“By employing software robots to undertake such tasks, they can be handled much more quickly,” adds Mee pointing to OTP Bank Romania, which during the pandemic used an automation to process requests to postpone bank loan instalments. “This reduced the processing time of a single request from 10 minutes to 20 seconds, allowing the bank to cope with a 125% increase in the number of calls received by call centre agents.”
Mee says: “Automation accelerates digital transformation, according to 63% of global executives. It also drives major cost savings and improves business metrics, and because software robots can ramp-up quickly to meet spikes in demand, it improves resilience.
Five business areas that can be automated
Mee outlines five business areas where automation can really make a difference.
- Contact centres Whether a customer seeks help online, in-store or with an agent, the entire customer service journey can be automated – from initial interaction to reaching a satisfying outcome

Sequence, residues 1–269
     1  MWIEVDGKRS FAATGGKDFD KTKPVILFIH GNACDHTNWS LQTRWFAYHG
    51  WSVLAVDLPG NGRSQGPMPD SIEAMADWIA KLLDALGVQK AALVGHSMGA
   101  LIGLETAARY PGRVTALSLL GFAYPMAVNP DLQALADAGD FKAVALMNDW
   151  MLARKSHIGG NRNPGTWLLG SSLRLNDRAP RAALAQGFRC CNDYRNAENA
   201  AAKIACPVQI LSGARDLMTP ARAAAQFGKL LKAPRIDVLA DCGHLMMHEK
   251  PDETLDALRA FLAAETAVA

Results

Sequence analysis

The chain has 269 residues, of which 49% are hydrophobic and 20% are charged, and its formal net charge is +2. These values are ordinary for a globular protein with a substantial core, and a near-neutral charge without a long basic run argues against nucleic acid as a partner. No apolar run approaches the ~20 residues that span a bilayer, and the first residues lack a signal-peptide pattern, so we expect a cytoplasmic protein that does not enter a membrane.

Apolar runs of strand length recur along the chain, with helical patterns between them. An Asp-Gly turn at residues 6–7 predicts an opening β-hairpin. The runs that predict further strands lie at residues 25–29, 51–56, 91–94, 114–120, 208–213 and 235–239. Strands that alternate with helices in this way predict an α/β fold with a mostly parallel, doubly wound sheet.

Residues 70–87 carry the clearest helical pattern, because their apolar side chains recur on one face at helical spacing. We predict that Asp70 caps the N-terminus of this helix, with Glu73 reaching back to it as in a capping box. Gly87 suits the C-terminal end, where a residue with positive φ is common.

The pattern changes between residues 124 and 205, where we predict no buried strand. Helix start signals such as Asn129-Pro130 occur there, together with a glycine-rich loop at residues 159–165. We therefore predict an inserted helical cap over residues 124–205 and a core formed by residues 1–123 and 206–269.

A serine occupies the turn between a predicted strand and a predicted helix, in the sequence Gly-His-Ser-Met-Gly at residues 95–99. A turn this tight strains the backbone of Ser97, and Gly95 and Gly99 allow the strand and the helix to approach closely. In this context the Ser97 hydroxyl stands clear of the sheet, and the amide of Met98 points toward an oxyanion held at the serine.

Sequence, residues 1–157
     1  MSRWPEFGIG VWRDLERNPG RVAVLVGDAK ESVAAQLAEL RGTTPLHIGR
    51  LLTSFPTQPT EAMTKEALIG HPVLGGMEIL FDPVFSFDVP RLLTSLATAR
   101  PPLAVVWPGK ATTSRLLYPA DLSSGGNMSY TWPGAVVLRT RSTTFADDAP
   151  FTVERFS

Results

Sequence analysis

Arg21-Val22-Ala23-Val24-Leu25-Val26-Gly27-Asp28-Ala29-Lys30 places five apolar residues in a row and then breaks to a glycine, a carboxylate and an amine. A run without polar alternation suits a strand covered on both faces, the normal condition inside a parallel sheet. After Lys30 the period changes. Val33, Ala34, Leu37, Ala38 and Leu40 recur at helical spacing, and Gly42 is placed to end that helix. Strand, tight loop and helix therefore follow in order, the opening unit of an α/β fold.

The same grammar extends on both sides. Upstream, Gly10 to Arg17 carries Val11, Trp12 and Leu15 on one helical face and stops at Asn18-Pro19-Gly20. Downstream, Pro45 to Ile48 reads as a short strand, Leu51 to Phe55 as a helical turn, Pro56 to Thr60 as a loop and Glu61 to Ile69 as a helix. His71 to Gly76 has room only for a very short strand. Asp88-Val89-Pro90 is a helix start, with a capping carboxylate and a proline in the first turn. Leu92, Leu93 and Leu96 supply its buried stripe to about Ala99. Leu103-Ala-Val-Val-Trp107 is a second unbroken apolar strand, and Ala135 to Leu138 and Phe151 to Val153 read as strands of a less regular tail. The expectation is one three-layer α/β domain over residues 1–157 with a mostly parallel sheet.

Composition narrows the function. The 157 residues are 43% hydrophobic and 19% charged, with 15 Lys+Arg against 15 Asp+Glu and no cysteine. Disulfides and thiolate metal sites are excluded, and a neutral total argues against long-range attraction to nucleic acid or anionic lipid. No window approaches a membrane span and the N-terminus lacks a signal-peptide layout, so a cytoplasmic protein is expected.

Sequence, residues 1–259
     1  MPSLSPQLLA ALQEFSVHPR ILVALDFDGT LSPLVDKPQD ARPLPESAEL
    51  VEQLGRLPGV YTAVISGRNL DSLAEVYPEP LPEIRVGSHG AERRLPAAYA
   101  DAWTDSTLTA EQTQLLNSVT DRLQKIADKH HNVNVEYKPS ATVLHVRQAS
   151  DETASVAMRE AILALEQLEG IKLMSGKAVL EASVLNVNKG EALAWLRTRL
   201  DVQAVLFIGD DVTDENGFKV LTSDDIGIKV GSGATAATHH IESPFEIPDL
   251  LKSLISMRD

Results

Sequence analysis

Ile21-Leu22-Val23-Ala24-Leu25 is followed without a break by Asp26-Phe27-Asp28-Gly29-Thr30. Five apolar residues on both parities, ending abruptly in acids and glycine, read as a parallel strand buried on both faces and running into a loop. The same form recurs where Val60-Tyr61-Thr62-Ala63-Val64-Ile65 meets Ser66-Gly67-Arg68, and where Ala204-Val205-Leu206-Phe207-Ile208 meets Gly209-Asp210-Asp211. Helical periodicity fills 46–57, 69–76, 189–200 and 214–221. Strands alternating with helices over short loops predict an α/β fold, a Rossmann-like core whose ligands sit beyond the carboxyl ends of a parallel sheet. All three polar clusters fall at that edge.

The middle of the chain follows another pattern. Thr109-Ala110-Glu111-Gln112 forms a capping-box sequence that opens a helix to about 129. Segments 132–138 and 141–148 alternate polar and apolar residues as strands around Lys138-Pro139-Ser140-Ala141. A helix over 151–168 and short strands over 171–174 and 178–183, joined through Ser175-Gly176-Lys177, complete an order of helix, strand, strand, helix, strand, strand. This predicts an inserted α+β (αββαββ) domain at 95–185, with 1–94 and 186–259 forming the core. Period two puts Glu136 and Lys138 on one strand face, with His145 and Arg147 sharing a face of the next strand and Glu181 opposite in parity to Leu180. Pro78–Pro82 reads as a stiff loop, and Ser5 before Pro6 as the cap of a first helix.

- Finance and accounting Automation enables firms to manage tasks such as invoice processing, ensuring accuracy and preventing mistakes
- Human resources Automations can be used across the HR team to manage things like payroll, assessing job candidates, and on-boarding
- IT IT teams are often swamped in daily activity like on-boarding or off-boarding employees. Deploying virtual machines, provisioning, configuring, and maintaining infrastructure. These tasks are ideal for automation
- Legal There are many important administrative tasks undertaken by legal teams that can be automated. Often, legal professionals are creating their own robots to help them manage this work. In legal and compliance processes, that means attorneys and paralegals can respond more quickly to increasing demands from clients and internal stakeholders. Robots don’t store data, and the data they use is encrypted in transit and at rest, which improves risk profiling and compliance.
“To embark on an automation journey, organisations need to create a Centre of Excellence in which technical expertise is fostered,” explains Mee. “This group of experts can begin automating processes quickly to show return on investment and gain buy-in. This effort leads to greater interest from within the organisation, which often kick-starts a strategic focus on embedding automation.”